Home Bangalore Batting for wine

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    Australia Cricket Wine Club

    Meeting Nick Pringle last week was fun. The former English county cricketer is director of global wine company Accolade Wines, UK, the people behind Hardy’s, the mammoth Australian wine brand that’s synonymous with cricket. The last time we chatted, it was something of a strain. He’d lost his voice and was croaking valiantly through the final leg of his whirlwind India tour. This time, Pringle’s voice and wit were intact. At the Taj West End’s Blue Bar, the Bangalore Wine Club enjoyed Hardy’s wines, white, red and sparkling, while Pringle spoke about that inevitable topic that comes up in India – cricket.
    And wine.
    Hardy’s is cashing in on the cricket craze in countries like the UK and Australia, where huge hoardings around the cricket grounds exhort spectators to drink their wines. As with most importers, the prospect of reaching India’s middle class millions is a huge draw. Indians love cricket, ergo they might try the wine associated with it. This could help Hardy’s overtake Jacob’s Creek, the other Australian brand that’s ruling the popularity charts currently, he adds. To strengthen this belief, Aussie legend Glenn McGrath has been roped in as brand ambassador. Why McGrath? “Good question. We did look at some Indian cricketers, but most were either too old or too expensive. Ian Botham too, whom I’ve played with myself. But I had to explain all about him to my own teenage son. McGrath is still well-known and socially a very nice guy. Unless he’s bowling at you,” he grins. More Hardy’s offerings will come soon, including wines from New Zealand and South Africa, Indian taxes and laws permitting. “The middle class is getting adventurous, their palate is changing. They don’t want insipid stuff. ”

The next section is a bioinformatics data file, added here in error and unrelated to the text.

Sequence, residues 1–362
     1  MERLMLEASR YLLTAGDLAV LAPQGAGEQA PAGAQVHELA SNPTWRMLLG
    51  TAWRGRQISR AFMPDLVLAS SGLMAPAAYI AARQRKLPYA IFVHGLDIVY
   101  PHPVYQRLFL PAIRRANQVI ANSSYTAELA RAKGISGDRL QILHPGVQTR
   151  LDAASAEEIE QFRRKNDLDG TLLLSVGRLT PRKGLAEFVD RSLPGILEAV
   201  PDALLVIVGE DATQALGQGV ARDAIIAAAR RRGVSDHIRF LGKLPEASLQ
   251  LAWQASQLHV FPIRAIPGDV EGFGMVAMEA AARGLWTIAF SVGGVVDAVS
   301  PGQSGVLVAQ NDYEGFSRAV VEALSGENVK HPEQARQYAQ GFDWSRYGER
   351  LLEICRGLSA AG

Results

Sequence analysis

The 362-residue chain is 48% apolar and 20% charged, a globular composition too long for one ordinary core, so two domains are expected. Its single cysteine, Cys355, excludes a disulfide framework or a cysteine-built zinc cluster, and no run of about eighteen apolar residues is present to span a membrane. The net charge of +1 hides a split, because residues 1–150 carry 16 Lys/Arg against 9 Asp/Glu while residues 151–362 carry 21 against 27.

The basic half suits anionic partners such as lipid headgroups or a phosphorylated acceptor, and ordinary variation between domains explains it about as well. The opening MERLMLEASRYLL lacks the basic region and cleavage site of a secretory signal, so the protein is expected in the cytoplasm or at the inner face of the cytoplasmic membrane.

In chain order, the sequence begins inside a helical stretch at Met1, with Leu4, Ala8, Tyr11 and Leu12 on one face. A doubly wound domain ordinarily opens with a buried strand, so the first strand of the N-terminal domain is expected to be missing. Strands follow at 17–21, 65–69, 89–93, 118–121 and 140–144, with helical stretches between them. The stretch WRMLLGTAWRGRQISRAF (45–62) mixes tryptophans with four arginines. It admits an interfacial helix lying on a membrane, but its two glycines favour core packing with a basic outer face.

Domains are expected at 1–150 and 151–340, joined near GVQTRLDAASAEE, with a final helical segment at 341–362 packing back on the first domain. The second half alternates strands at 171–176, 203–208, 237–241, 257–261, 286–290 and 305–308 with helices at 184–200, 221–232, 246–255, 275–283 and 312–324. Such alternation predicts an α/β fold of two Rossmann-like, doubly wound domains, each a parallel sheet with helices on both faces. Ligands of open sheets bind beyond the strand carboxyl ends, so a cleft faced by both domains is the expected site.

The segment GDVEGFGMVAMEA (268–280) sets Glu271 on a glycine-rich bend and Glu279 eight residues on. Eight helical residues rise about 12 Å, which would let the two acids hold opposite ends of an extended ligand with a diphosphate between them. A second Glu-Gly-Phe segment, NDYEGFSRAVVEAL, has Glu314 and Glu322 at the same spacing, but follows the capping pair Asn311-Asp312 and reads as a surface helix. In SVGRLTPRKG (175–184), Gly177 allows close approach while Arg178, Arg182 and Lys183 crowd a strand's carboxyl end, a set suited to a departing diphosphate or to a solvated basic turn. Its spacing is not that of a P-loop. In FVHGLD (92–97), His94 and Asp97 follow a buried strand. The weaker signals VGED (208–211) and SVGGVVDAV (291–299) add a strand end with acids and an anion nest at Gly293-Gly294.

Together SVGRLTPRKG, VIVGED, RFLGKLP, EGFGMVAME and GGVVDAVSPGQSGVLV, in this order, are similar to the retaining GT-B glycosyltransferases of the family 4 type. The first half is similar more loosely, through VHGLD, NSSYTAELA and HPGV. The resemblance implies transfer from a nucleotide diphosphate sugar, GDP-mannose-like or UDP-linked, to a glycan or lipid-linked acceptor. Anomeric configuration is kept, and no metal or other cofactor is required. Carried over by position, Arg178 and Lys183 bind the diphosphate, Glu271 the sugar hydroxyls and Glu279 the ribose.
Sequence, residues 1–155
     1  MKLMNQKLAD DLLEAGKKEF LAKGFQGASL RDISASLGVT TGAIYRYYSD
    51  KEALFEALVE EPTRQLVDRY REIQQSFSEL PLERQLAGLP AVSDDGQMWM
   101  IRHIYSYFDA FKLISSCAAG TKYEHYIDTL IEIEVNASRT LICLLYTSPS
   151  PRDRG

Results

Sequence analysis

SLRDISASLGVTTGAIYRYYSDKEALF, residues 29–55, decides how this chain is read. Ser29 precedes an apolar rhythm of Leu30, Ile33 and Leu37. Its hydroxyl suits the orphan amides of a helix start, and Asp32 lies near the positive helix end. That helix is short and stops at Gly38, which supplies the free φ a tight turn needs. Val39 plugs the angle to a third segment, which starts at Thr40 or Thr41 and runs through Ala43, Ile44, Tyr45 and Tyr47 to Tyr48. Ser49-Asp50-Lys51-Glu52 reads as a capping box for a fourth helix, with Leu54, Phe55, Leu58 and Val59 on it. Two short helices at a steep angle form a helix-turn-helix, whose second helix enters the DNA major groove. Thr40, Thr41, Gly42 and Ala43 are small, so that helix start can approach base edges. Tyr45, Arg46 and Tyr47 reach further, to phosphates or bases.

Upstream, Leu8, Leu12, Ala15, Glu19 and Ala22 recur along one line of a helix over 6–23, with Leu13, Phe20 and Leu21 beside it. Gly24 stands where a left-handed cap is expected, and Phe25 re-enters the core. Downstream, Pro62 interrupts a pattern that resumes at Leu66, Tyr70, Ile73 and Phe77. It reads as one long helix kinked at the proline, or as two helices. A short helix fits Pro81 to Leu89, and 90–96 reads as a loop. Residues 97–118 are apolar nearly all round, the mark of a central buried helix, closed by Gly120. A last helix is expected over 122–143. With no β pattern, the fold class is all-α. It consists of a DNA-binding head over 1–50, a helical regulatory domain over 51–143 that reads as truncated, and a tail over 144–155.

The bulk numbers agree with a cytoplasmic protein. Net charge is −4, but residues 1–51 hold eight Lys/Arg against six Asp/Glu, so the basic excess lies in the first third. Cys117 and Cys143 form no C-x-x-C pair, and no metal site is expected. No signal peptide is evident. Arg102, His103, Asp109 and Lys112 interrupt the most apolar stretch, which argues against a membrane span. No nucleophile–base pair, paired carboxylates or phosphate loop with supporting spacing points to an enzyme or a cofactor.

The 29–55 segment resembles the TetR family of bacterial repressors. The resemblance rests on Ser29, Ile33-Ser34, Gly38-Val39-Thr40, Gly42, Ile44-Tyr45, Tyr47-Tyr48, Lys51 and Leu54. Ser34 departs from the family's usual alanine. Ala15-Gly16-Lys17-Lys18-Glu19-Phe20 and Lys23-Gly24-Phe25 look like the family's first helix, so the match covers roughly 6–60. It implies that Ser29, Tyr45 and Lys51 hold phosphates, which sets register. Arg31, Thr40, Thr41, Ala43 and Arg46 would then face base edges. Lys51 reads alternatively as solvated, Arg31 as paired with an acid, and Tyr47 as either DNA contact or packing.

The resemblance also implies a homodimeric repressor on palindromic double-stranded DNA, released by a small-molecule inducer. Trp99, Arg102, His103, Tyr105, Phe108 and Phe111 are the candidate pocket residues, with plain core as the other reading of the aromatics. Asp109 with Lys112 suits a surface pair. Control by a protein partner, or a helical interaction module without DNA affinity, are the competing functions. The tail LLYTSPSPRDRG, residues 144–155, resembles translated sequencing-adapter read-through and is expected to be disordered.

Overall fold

Meanwhile, Pringle is attending wine and music fest, Sula Fest, being organised by their Indian partners, Sula, where he’s hosting the Hardy’s lounge where the sparkling wine will flow. A big fan of music festivals like Glastonbury, he’s mighty excited about the experience. “I wanted to camp in a tent – true music fest style, but they said no,” he shrugs. He wants to visit the Taj Mahal too, but his hectic schedule (his mandate stretches from Mexico to Nepal) may not permit it this time. He’s keen to try some more spicy Indian food which he loves. But he’s being reined in by the Sula team, who seem to be more worried about the state of his tummy than he is.
    Back to cricket, then. Does he approve of Virat Kohli, the anointed one after MS Dhoni? “Through natural progression, Kohli’s day will come,” says Pringle, “But Dhoni is special, with his unique style of leadership and play. India still needs him around.” Failure can be scary, especially when it’s on a roll. A little too much cricket being played? he suggests. Probably, I agree. “Ah, today it’s not just about cricket, it’s about fast results.”
    Of enduring delight to him is when he looks out from his hotel room over an Indian city like Mumbai, and sees cricket being played on every rooftop, street and alleyway. “It’s wonderful to see all the passion.”
    m firstimpressionbangalore@gmail.com

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